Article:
At any time in history when we've had such income disparity, the economy and society itself virtually unraveled. We haven't seen an imbalance such as this since 1928 and well, you know what happened then. And we know what is happening now, though there are many who choose not to heed the lessons of history, as if the results will somehow be different. When you look back, it was really during the Reagan era that we started to drastically offset the balance of income. Robert Reich recently noted that in the 1970s, the top 1 percent received 8 to 9 percent of total income, but thereafter income concentrated so rapidly that by 2007 the top received 23.5 percent of the total. Here's another gem from Reich:

During almost three decades spanning 1951 to 1980, when America's top marginal tax rate was between 70 and 92 percent, the nation's average annual growth was 3.7 percent. But between 1983 and start of the Great Recession, when the top rate was far lower -- ranging between 35 and 39 percent -- the economy grew an average of just 3 percent per year. Supply-siders are fond of claiming that Ronald Reagan's 1981 cuts caused the 1980s economic boom. In fact, that boom followed Reagan's 1982 tax increase. The 1990s boom likewise was not the result of a tax cut; it came in the wake of Bill Clinton's 1993 tax increase.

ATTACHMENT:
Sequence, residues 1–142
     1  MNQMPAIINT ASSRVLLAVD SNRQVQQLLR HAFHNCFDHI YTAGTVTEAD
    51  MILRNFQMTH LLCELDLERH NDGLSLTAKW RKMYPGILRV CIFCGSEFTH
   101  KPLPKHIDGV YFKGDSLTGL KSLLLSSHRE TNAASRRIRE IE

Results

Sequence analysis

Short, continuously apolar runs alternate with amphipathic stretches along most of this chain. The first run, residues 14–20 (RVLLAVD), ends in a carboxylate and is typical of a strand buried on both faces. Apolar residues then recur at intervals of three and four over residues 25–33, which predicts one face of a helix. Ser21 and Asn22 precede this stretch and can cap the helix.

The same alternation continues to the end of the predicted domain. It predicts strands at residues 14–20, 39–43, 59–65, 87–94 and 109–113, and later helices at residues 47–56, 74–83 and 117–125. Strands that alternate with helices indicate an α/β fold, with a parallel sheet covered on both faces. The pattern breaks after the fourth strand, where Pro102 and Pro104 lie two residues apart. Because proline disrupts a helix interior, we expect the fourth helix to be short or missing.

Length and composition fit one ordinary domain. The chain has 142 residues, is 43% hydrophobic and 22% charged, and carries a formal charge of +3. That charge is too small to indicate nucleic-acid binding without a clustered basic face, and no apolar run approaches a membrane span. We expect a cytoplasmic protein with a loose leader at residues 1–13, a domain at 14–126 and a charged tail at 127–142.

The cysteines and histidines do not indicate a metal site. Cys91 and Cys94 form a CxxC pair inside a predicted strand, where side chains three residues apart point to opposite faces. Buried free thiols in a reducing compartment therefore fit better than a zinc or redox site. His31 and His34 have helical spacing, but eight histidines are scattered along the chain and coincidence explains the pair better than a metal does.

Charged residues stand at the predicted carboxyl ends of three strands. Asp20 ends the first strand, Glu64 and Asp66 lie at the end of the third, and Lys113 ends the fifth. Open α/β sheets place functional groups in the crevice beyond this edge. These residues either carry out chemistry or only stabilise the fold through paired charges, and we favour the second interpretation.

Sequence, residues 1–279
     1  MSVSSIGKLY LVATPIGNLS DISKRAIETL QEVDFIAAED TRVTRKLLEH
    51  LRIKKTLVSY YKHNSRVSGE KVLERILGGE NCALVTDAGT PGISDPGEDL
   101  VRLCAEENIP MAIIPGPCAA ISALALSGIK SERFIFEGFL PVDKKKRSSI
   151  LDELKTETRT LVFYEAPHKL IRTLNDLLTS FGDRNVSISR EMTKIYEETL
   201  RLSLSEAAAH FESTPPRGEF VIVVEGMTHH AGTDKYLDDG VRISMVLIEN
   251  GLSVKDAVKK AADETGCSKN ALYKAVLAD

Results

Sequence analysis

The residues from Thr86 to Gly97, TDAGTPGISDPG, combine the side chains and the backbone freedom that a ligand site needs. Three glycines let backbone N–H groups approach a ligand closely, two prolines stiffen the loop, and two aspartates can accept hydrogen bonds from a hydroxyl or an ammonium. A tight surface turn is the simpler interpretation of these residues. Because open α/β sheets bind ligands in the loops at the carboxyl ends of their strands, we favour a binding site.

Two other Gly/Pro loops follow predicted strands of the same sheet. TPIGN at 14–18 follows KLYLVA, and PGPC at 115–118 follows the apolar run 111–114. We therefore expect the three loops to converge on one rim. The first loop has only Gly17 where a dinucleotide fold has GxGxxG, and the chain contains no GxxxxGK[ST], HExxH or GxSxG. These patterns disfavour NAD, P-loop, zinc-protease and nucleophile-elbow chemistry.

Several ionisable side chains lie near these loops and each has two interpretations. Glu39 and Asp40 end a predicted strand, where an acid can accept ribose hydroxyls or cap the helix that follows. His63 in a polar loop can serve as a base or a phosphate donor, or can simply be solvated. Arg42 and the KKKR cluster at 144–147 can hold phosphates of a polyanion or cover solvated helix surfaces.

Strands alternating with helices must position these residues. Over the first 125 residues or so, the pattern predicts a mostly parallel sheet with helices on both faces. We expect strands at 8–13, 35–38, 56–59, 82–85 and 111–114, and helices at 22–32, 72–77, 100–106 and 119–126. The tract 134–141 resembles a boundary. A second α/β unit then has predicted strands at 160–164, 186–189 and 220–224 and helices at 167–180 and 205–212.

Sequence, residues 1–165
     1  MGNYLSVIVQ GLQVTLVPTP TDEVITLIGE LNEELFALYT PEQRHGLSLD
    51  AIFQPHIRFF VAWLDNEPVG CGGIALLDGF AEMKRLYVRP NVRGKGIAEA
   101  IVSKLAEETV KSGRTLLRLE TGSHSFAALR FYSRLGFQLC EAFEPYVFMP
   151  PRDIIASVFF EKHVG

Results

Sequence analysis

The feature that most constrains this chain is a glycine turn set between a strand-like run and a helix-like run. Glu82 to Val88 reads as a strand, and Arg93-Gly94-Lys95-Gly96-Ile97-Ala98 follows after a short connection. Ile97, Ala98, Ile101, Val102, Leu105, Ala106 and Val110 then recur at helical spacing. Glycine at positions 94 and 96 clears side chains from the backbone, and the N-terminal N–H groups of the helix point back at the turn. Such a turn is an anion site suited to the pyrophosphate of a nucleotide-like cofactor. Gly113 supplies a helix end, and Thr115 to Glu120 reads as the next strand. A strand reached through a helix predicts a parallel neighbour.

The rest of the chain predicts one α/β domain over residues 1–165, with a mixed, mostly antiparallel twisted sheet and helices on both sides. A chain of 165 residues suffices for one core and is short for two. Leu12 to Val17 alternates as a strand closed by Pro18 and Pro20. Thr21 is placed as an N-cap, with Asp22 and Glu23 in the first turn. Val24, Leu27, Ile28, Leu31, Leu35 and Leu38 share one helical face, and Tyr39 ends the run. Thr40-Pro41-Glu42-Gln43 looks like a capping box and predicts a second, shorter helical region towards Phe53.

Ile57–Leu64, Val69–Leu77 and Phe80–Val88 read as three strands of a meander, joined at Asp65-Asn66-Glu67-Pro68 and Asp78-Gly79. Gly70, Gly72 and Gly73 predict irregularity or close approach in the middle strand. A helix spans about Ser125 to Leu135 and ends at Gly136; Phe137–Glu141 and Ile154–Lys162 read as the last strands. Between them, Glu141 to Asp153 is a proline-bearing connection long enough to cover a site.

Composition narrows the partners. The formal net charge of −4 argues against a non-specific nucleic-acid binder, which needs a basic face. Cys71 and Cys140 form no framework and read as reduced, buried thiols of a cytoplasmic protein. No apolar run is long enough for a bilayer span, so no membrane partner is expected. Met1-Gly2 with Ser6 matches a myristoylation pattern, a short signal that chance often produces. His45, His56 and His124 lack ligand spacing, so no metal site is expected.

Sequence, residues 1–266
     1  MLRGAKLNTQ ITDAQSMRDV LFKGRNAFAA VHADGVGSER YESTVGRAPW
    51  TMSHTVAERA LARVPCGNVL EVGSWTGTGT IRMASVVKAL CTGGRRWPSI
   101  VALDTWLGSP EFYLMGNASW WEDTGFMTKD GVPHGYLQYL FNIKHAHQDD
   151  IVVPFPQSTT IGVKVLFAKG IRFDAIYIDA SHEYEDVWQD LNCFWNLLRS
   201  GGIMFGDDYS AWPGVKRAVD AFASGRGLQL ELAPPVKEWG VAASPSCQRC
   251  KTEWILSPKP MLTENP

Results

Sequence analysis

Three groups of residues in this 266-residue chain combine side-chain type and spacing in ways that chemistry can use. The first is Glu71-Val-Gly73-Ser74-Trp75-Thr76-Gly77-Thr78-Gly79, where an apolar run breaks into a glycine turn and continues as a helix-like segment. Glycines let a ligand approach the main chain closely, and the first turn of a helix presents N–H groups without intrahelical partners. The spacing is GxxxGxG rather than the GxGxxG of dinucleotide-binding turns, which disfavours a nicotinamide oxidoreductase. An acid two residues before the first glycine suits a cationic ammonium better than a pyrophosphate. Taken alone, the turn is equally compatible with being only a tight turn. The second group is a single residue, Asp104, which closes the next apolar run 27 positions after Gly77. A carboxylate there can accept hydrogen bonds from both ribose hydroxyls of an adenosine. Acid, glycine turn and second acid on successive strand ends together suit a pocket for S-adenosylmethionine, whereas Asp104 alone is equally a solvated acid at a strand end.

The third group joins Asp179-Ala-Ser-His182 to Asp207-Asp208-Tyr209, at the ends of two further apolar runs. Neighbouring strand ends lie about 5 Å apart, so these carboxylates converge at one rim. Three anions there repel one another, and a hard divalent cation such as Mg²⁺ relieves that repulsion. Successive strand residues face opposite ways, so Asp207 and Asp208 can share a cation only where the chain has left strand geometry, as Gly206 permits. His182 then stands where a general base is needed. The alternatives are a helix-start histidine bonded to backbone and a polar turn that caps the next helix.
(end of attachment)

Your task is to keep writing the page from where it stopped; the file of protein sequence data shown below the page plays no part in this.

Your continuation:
Recently, Bernie Sanders wrote a great piece that listed some cold, hard facts about the past decade. Here are a few that illuminate the situation:

  • During the Bush years alone, from 2000-2008, median family income dropped by nearly $2,200 and millions lost their health insurance.
  • The 400 richest families in America, who saw their wealth increase by some400 billion during the Bush years, have now accumulated $1.27 trillion in wealth. Four hundred families! During the last 15 years, while these enormously rich people became much richer their effective tax rates were slashed almost in half. While the highest paid 400 Americans had an average income of $345 million in 2007, as a result of Bush tax policy they now pay an effective tax rate of 16.6 percent, the lowest on record.
  • Last year, the top 25 hedge fund managers made a combined $25 billion but because of tax policy their lobbyists helped write, they pay a lower effective tax rate than many teachers, nurses, and police officers. Warren Buffett, one of the richest people on earth, has often commented that he pays a lower effective tax rate than his secretary.
  • As a result of tax havens in the Cayman Islands, Bermuda and elsewhere, the wealthy and large corporations are evading some 100 billion a year in U.S. taxes.
  • In 2009, Exxon Mobil, the most profitable corporation in history made $19 billion in profits and not only paid no federal income tax -- they actually received a $156 million refund from the government. In 2005, one out of every four large corporations in the United States paid no federal income taxes while earning $1.1 trillion in revenue.